Your Guide to Canes, Walkers, and Wheelchairs
Mobility equipment may not be on your list of "must-have" fashion accessories, but using them can help relieve you of pain and give you more independence. You can use assistive devices to change your life in a very positive way.
Only a relatively small percentage of people who suffer from arthritis ultimately require the help of assistive devices and age is often, but not always, a factor. But no matter how old you are, if you're having a hard time walking even short distances, these aids are indispensable. Although you may feel that mobility devices signal "disability," the use of canes, walkers, wheelchairs, and electric scooters can actually help you feel less disabled.
Your doctor or physical therapist will most likely be the first to suggest using an assistive device to reduce pain and help you stay mobile. It's important to also get professional help in choosing the best cane, walker, or chair for your needs, and to get proper instruction on how to safely use your device so you don't fall or otherwise injure yourself. You must also take some time to practice using a walking aid properly to avoid getting hurt.
A cane is helpful if you have arthritis in your knees or hips. It improves your stability by providing balance and support, and reduces pain in your lower extremities. The wonderful thing about canes is that they come in many different styles-from plain, industrial-style metal to carved or colorfully painted wood-so you can actually view yours as something of a fashion accessory and choose accordingly. When you go for your fitting, be sure to wear the shoes you normally wear every day. If you have arthritis in your elbow, however, be sure to discuss this with your health provider, because a cane can add additional stress to that joint.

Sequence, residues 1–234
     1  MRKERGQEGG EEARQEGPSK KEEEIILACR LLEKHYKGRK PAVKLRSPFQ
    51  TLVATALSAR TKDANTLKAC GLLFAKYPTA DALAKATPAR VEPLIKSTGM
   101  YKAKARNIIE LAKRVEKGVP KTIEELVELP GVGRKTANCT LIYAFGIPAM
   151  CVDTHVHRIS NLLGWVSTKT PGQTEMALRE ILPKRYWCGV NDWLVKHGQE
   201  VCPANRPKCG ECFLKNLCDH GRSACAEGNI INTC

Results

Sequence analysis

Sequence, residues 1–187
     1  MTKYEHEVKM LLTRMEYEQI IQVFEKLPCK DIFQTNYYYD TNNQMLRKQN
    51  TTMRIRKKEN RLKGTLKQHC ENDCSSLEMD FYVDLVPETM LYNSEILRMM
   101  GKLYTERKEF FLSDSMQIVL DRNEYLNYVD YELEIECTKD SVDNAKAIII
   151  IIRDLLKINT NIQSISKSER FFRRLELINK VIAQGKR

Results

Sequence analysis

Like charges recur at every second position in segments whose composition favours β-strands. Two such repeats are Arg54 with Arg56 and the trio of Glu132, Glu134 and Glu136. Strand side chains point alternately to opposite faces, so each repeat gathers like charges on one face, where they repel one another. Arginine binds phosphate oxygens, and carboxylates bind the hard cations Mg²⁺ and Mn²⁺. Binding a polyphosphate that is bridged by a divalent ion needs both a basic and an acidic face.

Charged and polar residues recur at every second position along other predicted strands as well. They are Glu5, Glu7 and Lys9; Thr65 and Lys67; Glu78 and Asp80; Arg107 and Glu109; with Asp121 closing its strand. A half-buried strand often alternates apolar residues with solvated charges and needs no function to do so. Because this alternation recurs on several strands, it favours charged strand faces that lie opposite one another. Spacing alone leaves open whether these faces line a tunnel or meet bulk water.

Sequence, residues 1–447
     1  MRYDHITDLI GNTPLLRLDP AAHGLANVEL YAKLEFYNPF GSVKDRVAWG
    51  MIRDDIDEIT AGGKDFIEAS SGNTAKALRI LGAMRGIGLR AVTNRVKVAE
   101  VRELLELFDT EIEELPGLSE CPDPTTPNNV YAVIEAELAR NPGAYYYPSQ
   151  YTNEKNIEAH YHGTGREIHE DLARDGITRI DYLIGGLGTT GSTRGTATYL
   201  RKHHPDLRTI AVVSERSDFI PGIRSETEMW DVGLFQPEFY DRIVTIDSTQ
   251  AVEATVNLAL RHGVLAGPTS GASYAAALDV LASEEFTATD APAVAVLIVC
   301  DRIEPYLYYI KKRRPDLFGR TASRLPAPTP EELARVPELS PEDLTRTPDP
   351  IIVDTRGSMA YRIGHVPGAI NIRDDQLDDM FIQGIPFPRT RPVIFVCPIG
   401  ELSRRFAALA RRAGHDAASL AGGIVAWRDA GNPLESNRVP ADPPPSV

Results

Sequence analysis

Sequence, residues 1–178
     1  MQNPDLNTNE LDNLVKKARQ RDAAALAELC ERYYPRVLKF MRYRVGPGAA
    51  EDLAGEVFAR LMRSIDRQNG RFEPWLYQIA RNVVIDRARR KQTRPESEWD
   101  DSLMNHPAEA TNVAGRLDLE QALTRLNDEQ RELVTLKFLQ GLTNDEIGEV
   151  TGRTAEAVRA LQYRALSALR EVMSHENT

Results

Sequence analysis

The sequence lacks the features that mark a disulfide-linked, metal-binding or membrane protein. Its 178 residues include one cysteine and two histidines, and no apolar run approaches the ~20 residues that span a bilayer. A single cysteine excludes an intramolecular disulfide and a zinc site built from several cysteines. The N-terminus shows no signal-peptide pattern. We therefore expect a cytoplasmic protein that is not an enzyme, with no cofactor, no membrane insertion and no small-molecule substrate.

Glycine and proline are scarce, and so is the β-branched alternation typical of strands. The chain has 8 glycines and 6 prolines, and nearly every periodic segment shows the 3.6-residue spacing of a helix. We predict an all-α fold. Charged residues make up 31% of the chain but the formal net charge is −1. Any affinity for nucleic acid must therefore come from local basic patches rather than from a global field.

If you have arthritis in your knees or hips and need more support than a cane provides, a walker is better for distributing the weight on your joints and improving stability and balance. Just as when shopping for a cane, you should wear your normal, everyday shoes to your fitting for a walker. Your walker will be adjusted to fit the distance between your wrist and the floor and changes in heel height will affect this measurement. Also, as with a cane, a walker can put extra stress on elbows and may not be appropriate for anyone with arthritis in those joints.
Wheelchairs and Electric Scooters
While canes and walkers are used when walking unaided is too difficult, wheeled mobility devices become necessary when walking with the help of a cane or walker is still too much of a struggle. If you have any difficulty walking, with or without a walking aid, your health care provider will ask "How much trouble do you have?" or "Are you able to walk at all?" The answer will help determine whether or not a wheelchair or scooter would be the most helpful and efficient device for you at this point.
University of Rochester Medical Center: Avoid Cane and Walker Injuries
LaPlante, M. "Demographics of Wheeled Mobility Device Users." Space Requirements for Wheeled Mobility: An International Workshop. University of Buffalo October 2003 Web July 2012
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